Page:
Motorola loses bid to reshape crucial trial on essential patents
The next great turning point in the war for global device domination comes next month, when Motorola faces two trials — one against Apple, the other against Microsoft — that will determine its ability to use its portfolio of standard-essential patents as leverage in IP disputes with its competitors. I’ve been harping on this theme for a while, but trials have a way of sharpening the issues. Both of these cases will be tried to judges, not juries, so we won’t get immediate results. But when U.S. District Judge Barbara Crabb in Madison, Wisconsin, and U.S. District Judge James Robart in Seattle issue rulings, Motorola and its rivals should have a very clear understanding of how valuable Motorola’s patents on essential wireless technology are.
The Apple trial — which will decide whether Motorola breached its agreements with international standard-setting bodies by failing to license essential technology to Apple on fair and reasonable terms — is scheduled to begin in Wisconsin on Nov. 5, but the Microsoft case in Seattle, which begins on Nov. 13, could hold greater industrywide interest. When he denied summary judgment to both Microsoft and Motorola in June, Robart said he needed more information about what exactly constitutes a fair licensing deal on standard-essential technology before he could ask a jury to decide whether Motorola breached its obligation to license its IP to Microsoft. He called for a bench trial to determine a reasonable royalty rate — an exercise that will likely expose Motorola’s licensing agreements with other counterparties and will certainly give every other Motorola licensee a starting point in future negotiations.
Over the summer, Motorola’s lawyers at Ropes & Gray and the Summit Law Group attempted to reshape the bench trial before Robart. In a motion for summary judgment they filed in July, the Motorola lawyers said that Robart’s proposed rate-setting exercise would improperly set the terms of a contract that does not exist between Microsoft and Motorola. “There is no existing licensing contract between Motorola and Microsoft,” they wrote. “Instead, Motorola submits that there is simply a right to a license. Thus, there is no existing contract for the court to interpret or in which the court can merely ‘fill in’ gaps.”
The November trial, Motorola argued, should be before a jury and should address only Microsoft’s allegations that Motorola breached its agreements with the standard-setting bodies. If the jury ruled against Motorola, the brief argued, then the parties could resume negotiations, and, if they once again failed to reach a licensing deal, they could return to court.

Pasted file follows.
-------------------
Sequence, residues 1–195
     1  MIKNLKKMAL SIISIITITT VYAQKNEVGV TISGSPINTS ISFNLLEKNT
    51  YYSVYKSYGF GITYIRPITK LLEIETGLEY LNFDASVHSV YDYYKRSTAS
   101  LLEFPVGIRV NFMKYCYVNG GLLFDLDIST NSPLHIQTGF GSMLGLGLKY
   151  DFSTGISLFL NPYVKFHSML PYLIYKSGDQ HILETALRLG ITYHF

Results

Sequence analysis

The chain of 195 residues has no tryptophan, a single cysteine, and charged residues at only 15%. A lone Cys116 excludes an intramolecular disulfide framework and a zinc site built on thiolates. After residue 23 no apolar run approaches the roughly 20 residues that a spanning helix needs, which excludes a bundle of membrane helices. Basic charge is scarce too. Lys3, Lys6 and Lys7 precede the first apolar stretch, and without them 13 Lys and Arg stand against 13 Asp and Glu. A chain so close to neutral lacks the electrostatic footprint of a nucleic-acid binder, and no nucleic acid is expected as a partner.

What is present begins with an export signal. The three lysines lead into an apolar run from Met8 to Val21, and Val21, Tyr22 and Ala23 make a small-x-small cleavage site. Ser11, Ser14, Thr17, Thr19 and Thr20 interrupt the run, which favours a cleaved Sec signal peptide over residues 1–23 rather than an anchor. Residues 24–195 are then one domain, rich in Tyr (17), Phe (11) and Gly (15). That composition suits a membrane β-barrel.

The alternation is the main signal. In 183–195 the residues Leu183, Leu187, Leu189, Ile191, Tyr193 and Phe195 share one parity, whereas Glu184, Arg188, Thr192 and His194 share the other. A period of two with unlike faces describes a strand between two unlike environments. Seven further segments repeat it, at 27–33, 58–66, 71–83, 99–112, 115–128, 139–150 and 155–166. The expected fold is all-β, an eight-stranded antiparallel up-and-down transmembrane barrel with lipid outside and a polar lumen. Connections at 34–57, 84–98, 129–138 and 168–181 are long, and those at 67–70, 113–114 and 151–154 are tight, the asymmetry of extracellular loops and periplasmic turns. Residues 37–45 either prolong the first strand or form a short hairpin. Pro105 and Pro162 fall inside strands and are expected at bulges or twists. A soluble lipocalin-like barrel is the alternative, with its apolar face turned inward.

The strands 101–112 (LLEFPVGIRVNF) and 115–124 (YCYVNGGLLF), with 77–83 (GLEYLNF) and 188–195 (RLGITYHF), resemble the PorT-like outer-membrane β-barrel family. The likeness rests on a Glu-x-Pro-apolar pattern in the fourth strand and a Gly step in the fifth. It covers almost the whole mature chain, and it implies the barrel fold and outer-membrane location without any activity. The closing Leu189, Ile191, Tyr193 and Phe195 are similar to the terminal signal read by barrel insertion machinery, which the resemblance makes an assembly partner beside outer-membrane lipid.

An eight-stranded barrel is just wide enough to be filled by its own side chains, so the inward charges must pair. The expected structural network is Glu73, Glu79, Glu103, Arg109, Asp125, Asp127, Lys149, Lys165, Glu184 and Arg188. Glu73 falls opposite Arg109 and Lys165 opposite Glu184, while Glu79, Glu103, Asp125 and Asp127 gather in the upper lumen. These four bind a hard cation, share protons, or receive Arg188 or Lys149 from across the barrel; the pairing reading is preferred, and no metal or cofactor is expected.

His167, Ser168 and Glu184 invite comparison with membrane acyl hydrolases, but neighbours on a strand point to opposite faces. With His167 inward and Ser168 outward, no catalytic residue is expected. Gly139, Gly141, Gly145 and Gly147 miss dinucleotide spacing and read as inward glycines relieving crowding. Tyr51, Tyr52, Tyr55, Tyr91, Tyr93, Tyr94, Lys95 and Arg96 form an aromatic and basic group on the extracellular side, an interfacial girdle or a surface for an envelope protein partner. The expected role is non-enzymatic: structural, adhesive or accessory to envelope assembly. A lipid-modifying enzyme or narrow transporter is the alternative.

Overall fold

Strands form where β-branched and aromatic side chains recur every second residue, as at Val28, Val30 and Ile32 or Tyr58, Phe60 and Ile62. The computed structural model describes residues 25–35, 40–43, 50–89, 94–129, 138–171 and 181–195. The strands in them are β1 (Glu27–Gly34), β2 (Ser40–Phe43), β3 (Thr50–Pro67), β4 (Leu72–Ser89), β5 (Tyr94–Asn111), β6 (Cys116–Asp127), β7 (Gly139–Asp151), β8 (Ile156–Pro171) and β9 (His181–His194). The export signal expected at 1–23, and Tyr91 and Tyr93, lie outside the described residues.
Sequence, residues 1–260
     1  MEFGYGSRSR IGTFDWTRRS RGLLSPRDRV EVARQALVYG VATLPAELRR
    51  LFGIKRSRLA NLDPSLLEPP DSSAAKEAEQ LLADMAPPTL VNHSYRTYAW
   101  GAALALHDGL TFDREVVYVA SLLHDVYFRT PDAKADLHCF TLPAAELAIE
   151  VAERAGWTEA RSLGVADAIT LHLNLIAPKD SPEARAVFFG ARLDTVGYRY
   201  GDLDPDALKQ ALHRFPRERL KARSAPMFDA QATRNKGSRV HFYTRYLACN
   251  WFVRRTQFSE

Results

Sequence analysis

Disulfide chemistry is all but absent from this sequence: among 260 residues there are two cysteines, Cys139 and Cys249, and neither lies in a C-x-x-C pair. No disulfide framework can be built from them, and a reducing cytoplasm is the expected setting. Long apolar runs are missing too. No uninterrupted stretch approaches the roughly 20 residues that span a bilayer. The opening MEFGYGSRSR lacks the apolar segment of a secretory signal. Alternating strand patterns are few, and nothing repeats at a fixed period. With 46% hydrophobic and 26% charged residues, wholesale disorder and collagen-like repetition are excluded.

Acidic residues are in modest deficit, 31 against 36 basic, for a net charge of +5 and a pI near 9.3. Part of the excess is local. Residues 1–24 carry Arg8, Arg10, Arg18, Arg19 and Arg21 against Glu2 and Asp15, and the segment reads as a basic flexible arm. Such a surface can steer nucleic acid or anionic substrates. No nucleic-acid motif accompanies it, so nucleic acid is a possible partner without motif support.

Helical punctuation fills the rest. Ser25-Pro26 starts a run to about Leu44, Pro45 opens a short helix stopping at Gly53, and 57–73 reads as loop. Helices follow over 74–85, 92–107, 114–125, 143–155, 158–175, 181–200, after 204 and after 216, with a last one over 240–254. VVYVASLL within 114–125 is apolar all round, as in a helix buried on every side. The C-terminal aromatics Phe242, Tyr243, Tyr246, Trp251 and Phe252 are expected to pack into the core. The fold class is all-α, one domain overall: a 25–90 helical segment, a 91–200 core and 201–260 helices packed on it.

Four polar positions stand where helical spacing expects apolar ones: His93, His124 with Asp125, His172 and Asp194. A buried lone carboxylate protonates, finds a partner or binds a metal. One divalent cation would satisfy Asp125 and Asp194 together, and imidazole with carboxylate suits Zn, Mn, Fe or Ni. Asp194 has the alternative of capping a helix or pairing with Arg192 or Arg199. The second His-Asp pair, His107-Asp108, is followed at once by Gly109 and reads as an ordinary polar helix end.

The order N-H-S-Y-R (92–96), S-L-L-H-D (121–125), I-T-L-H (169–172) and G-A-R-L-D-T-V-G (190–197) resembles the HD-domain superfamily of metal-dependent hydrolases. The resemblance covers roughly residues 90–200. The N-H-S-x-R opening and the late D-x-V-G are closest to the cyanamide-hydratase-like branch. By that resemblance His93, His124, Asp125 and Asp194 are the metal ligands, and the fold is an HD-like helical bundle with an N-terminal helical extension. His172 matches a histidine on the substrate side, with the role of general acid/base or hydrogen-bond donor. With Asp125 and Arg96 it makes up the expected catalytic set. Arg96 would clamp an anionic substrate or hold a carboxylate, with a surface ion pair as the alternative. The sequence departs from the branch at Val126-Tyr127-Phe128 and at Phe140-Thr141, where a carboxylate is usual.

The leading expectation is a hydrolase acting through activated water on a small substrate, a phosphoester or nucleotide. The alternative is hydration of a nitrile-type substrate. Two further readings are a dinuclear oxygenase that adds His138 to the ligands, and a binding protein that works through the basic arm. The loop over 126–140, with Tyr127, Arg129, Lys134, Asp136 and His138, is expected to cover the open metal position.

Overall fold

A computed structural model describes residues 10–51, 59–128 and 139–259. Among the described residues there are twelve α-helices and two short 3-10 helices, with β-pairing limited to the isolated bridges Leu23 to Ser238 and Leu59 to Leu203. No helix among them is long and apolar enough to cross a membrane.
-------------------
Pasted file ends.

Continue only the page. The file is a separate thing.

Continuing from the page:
In a 23-page ruling Wednesday, Robart rejected Motorola’s motion. He reminded Motorola that he has previously found that its agreements with the standard-setting bodies require it to license its technology to Microsoft on fair and reasonable terms — not merely that it is required to engage in negotiations. And if Microsoft and Motorola can’t agree on fair terms en route to the licensing deal Microsoft is entitled to, Robart wrote, “the courthouse acts as an appropriate forum to resolve disputes over legal rights.”
Robart was emboldened by a ruling last month by the 9th Circuit Court of Appeals, which affirmed the injunction he issued in April against Motorola’s enforcement of relief against Microsoft in a German patent infringement case. The 9th Circuit, he said, has agreed that Microsoft is contractually entitled to a fair and reasonable licensing agreement with Motorola. If the only way to get there is to determine a fair and reasonable rate, he said, “the court declines to dismiss from Microsoft’s possible remedies the very license agreement to which the court has already determined it is entitled.”
So the Nov. 13 trial will go off as planned, the judge said: He will determine a reasonable royalty for Motorola’s standard essential patents. You can be sure the entire smart device industry will be watching.
I left messages with a Motorola spokeswoman but didn’t hear back. Microsoft is represented in the Seattle case by Calfo Harrigan Leyh & Eakes and Sidley Austin.
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